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December 6, 2009 | By Liz Sly
Across a bleak desert landscape dotted with blazing oil fires on the northern edge of this ancient city, new houses are rising from the sands -- thousands of them in neat rows, mostly unfinished save for their gray cinder-block shells. A startling sight in a country still waiting for any significant reconstruction to occur, it contains clues to the biggest of the unresolved conflicts in Iraq that could yet plunge the country into chaos as U.S. forces withdraw. The homes are being built by Kurds who have poured into the northern province of Kirkuk to reassert, they say, their claim to land from which they were expelled by Saddam Hussein in an effort to create an Arab majority.
October 31, 2009 | Liz Sly
On the podium of a sweltering hotel ballroom recently, Sunni tribal leader Ahmed abu Risha stood alongside Interior Minister Jawad Bolani, a Shiite. Next to Bolani was a prominent Sunni religious leader, who stood beside a well-known Shiite human rights campaigner. So it went, as Sunni and Shiite Muslims lined up together to announce the birth of a new political movement, the Iraqi Unity Alliance, which will run in elections planned for January on a platform of, yes, unity. Periodically, a tribesman in the audience stood up and shouted slogans in support of the alliance's theme.
September 11, 2009 | Omar Hayali and Ned Parker
A suicide truck bomber attacked a Kurdish village early today, killing at least 20 people and wounding 27 others in the latest attempt by militants to exploit northern Iraq's Arab-Kurdish factions. The truck detonated around midnight in the village of Wardek, home to Shiite Kurds, about 15 miles east of Mosul, according to a police officer. The explosion tore down homes and buried people in rubble, including women and children, the police officer said. A second assailant was shot by Kurdish forces in the area before he could detonate his own truck bomb, the police officer added.
August 18, 2009 | Liz Sly
In an effort to defuse mounting Arab-Kurdish tensions, the U.S. military is proposing to deploy troops for the first time in a strip of disputed territory in northern Iraq, the top American general in Iraq said today. Gen. Ray Odierno said the proposal would see U.S. troops deployed alongside Iraqi security forces and Kurdish peshmerga militiamen on the Arab-Kurdish fault line in northern Nineveh province, which has been the scene of several recent high-profile bombings. Their goal, he said, would be to build trust between Iraqi security forces representing the Baghdad government and Kurdish militia answerable to the Kurdish regional government at a time when a spike in bombings attributed to Al Qaeda in Iraq has sent tensions between the two administrations soaring.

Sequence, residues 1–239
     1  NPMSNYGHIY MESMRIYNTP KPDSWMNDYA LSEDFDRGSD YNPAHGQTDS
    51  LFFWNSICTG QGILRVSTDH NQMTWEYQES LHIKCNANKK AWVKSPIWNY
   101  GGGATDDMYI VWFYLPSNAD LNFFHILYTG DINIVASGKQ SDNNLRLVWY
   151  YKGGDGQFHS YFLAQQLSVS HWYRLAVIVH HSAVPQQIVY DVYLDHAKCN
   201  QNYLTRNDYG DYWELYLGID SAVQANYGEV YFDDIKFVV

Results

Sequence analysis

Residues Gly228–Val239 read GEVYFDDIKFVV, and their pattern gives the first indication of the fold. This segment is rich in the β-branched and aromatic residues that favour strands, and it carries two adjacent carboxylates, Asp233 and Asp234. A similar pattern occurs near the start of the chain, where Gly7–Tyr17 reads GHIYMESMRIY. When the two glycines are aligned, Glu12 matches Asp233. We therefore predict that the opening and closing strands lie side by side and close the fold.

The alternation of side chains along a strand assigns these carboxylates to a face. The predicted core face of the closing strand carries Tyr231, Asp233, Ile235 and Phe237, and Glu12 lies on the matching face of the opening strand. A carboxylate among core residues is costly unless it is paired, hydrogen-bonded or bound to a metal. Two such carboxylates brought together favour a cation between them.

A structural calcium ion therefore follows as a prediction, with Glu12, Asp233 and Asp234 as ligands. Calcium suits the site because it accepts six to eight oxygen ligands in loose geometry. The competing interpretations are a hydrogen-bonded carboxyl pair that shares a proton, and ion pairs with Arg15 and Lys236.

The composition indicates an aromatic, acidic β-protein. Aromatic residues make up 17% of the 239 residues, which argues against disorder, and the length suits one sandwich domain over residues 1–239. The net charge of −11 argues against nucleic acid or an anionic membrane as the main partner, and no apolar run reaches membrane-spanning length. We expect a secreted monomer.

August 11, 2009 | Liz Sly
A string of bombings in northern Iraq and Baghdad that have killed at least 112 people in the last several days, including 60 on Monday, has raised fears that insurgent groups are embarking on a sustained attempt to kindle ethnic and sectarian warfare. The toll since Friday represents the worst upsurge of violence since U.S. troops handed over security in urban areas to Iraqi security forces on June 30. The attacks serve as a reminder that although the U.S. military says it is on track to complete the withdrawal of U.S. combat forces from Iraq by next August, the potential for fresh conflict between Arabs and Kurds in the north, and Sunnis and Shiites elsewhere, remains very real.
August 3, 2009 | Times Wire Reports
One of Saddam Hussein's best-known lieutenants was convicted of helping plan the forced displacement of Kurds from northeastern Iraq and was sentenced to seven years. It was the second conviction against Tarik Aziz, the silver-haired former foreign minister and deputy prime minister who argued his boss' case in the halls of the United Nations and other international forums. Dozens of villages were destroyed and thousands of people displaced as part of Hussein's campaign against the Kurds in the late 1980s.
July 24, 2009 | Liz Sly
The cry went up loud and clear from the tens of thousands of people crammed together at the campaign rally. "Change! Change!" the crowd chanted. "With our hearts we vote for change!" Indeed, change has in many ways already come to Iraq's normally placid semiautonomous region of Kurdistan, the latest scene of a grass-roots movement demanding new leadership and political reforms.
July 10, 2009 | Ned Parker and Usama Redha
In the deadliest day of violence since the withdrawal of most U.S. troops from Iraq's cities last week, at least 54 people were killed in bombings Thursday in Baghdad and other locations. Prime Minister Nouri Maliki has warned that various armed groups will try to discredit Iraq's security forces and cause instability as American troops pull back. The majority of U.S. troops left their bases in the cities June 30, in accordance with a security agreement signed by officials late last year.
July 1, 2009
As the United States prepared to invade Iraq in 2003, then-Secretary of State Colin L. Powell famously warned that "if you break it, you own it." In many ways, the U.S. did break Iraq, ousting Saddam Hussein's quarter-century regime without ensuring that a stable government would take its place. That ushered in a bloody, six-year occupation that cost the lives of more than 4,300 U.S. troops and nearly $700 billion.
June 23, 2009 | Liz Sly
On a quiet stretch of road flanked by the rolling hills of northern Nineveh province stands a checkpoint many fear could become the next frontline in a new conflict over age-old issues of land and power dividing Arabs and Kurds. To the west lies the provincial capital, Mosul: insurgent-infested and, since April, governed by a hard-line Arab nationalist group that is seeking to affirm Nineveh's Arab identity.
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